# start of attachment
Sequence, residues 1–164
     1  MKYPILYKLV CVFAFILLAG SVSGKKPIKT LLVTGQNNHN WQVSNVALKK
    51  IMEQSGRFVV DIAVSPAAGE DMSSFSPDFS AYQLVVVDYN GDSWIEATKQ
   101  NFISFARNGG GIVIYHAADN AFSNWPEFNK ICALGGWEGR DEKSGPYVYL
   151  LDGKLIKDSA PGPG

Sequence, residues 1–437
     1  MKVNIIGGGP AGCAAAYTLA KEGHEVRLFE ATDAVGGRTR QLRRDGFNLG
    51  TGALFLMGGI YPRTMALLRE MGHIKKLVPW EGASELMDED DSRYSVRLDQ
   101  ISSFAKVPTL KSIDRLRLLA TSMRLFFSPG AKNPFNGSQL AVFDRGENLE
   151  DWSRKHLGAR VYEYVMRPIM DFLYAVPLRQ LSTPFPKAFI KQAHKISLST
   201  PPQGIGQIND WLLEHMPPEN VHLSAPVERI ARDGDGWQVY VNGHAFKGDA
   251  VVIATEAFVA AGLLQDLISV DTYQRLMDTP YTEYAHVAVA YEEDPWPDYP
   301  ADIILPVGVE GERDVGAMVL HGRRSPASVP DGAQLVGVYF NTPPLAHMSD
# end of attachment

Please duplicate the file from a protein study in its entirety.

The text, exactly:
Sequence, residues 1–164
     1  MKYPILYKLV CVFAFILLAG SVSGKKPIKT LLVTGQNNHN WQVSNVALKK
    51  IMEQSGRFVV DIAVSPAAGE DMSSFSPDFS AYQLVVVDYN GDSWIEATKQ
   101  NFISFARNGG GIVIYHAADN AFSNWPEFNK ICALGGWEGR DEKSGPYVYL
   151  LDGKLIKDSA PGPG

Sequence, residues 1–437
     1  MKVNIIGGGP AGCAAAYTLA KEGHEVRLFE ATDAVGGRTR QLRRDGFNLG
    51  TGALFLMGGI YPRTMALLRE MGHIKKLVPW EGASELMDED DSRYSVRLDQ
   101  ISSFAKVPTL KSIDRLRLLA TSMRLFFSPG AKNPFNGSQL AVFDRGENLE
   151  DWSRKHLGAR VYEYVMRPIM DFLYAVPLRQ LSTPFPKAFI KQAHKISLST
   201  PPQGIGQIND WLLEHMPPEN VHLSAPVERI ARDGDGWQVY VNGHAFKGDA
   251  VVIATEAFVA AGLLQDLISV DTYQRLMDTP YTEYAHVAVA YEEDPWPDYP
   301  ADIILPVGVE GERDVGAMVL HGRRSPASVP DGAQLVGVYF NTPPLAHMSD